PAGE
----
Last modified: Friday, May 13, 2005
IU President Adam W. Herbert reaffirms support for Crane
Defense Department realignment would cut 683 jobs at the Indiana naval base
FOR IMMEDIATE RELEASE
May 13, 2005
BLOOMINGTON, Ind. -- Indiana University President Adam W. Herbert today (May 13) reaffirmed the university's commitment to being a full partner with the state of Indiana in seeking to reverse the loss of jobs at the Crane Division, Naval Surface Warfare Center.
Under a base realignment and closure (BRAC) plan announced by the Pentagon, Crane would see its 4,000-member civilian workforce cut by 683 workers.
"We are pleased that the Secretary of Defense is recommending that Crane remain open as an active base supporting the military for many years to come," Herbert said. "However, we are disappointed that this region of the state might see such a large loss of high-paying, high-tech jobs that are so vital to our economy."
Herbert said IU will work with state officials to find ways to attract private investments and university partnerships that, over time, will make up for -- or exceed -- any jobs that might be lost to the BRAC process.
"With this new challenge arising for Indiana, I want to reaffirm the commitment of Indiana University in strengthening our partnership with Crane and the state," Herbert said.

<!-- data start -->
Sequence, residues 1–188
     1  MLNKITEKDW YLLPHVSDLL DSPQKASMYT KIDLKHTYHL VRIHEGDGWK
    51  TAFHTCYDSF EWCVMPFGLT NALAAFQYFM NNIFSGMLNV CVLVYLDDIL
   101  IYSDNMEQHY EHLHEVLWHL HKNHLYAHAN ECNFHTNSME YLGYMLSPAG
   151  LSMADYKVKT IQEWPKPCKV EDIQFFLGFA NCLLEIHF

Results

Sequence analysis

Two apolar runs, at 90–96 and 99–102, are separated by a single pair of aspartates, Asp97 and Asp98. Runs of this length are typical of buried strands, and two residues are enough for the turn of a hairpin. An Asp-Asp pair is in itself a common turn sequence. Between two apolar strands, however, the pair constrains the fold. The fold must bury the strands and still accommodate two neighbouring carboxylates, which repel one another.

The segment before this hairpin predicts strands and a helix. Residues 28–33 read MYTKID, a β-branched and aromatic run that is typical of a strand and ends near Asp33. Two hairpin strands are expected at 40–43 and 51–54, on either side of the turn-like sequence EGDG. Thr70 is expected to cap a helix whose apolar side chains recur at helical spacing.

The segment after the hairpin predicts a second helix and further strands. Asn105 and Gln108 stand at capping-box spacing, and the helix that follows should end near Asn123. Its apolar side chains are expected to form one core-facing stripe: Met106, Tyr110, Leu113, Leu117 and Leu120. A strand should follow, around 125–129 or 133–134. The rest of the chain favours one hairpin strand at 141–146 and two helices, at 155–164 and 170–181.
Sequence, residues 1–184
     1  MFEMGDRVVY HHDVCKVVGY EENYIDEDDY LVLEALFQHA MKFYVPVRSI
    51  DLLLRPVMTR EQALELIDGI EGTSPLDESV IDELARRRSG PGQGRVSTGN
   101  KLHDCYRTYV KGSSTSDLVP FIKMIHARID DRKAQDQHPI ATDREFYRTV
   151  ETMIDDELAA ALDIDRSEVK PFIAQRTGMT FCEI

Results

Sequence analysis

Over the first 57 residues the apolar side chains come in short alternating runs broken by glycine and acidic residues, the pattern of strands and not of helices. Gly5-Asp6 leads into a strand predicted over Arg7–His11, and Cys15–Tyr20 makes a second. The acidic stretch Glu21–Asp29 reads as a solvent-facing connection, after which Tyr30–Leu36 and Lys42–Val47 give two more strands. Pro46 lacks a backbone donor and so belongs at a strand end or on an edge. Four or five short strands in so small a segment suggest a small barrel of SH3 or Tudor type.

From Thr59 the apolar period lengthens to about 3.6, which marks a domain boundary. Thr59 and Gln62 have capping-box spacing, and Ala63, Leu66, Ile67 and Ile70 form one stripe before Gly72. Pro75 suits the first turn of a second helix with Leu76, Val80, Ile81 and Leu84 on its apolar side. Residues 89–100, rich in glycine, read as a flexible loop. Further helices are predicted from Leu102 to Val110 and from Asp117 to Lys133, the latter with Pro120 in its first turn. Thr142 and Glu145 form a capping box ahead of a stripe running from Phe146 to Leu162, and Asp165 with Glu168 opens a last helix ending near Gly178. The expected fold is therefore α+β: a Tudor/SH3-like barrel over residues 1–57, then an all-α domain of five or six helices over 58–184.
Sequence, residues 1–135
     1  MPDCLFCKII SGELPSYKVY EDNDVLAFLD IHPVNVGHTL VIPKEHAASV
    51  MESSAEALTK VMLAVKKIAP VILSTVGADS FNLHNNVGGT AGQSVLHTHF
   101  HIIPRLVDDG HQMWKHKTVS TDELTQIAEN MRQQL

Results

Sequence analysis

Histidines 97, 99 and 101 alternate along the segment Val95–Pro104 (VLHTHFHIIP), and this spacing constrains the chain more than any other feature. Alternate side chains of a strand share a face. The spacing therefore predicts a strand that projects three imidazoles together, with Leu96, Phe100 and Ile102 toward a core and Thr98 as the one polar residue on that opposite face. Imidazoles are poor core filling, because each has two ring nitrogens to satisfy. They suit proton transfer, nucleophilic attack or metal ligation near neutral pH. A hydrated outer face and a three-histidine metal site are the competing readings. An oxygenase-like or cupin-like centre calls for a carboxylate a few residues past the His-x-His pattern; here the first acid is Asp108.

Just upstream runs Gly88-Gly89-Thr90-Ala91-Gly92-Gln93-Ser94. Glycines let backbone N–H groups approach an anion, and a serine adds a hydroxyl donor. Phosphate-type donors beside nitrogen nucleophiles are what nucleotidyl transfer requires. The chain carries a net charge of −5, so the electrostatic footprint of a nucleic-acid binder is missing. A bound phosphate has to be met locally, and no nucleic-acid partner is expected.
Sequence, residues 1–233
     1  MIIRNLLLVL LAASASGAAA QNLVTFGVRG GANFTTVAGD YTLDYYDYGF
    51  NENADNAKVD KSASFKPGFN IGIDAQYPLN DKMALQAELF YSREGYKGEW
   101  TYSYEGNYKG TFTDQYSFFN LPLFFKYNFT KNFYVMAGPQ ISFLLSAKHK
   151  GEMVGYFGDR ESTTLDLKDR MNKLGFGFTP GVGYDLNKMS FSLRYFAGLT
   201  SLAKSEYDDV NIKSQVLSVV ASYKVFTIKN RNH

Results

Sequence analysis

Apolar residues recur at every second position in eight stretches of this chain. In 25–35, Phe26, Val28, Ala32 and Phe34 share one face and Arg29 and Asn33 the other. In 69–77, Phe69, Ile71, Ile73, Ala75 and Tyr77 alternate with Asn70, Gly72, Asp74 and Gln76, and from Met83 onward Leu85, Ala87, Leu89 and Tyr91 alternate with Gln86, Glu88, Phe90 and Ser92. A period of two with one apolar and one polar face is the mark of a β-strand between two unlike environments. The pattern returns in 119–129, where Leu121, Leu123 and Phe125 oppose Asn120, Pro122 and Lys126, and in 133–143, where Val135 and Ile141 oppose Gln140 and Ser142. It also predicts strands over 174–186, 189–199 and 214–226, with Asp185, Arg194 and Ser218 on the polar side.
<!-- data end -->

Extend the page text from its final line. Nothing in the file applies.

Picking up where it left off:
The Pentagon's recommendations for Crane must now be reviewed by the independent BRAC Commission. The nine-member panel will evaluate the Defense Department recommendations and then submit its own list to the president for review and approval later this year.
This gives Indiana and Crane supporters one more opportunity to make a case not only for preserving current staff levels at Crane, but also for relocating Defense Department activities to Crane from other bases.
Herbert said IU is ready to provide assistance and support to Indiana Gov. Mitch Daniels and Lt. Gov. Becky Skillman in their dealings with the BRAC Commission.
Last February, IU entered into a cooperative research agreement with Crane, Purdue University and the Indiana Counter-Terrorism and Security Council to develop ways in which the world-class research facilities of the two universities could be used to develop new technologies for homeland security or military use. Lt. Gov. Skillman oversees the efforts of this consortium.
IU's life sciences laboratories in Bloomington and Indianapolis -- as well as its advanced super-computing capabilities -- could provide substantial cutting-edge research capacity for this initiative, Herbert said.
"We must tell our story that Crane and the surrounding area would make an ideal location for the kinds of research and development initiatives that will be evolving in the fields of national defense and homeland security," Herbert said.
Herbert said that Crane has land, infrastructure and a capable, highly-trained workforce -- all located within one of the most secure military bases east of the Mississippi River. He added that its proximity to IU's Bloomington campus and the university's cadre of life science and information technology scientists should add to its attractiveness as a site for high-tech investment.
The 100-square-mile military facility, which is located 25 miles southwest of Bloomington, is home to some 4,000 Defense Department researchers and technicians engaged in procuring and upgrading a wide variety of military munitions, weapons, communications and radar equipment.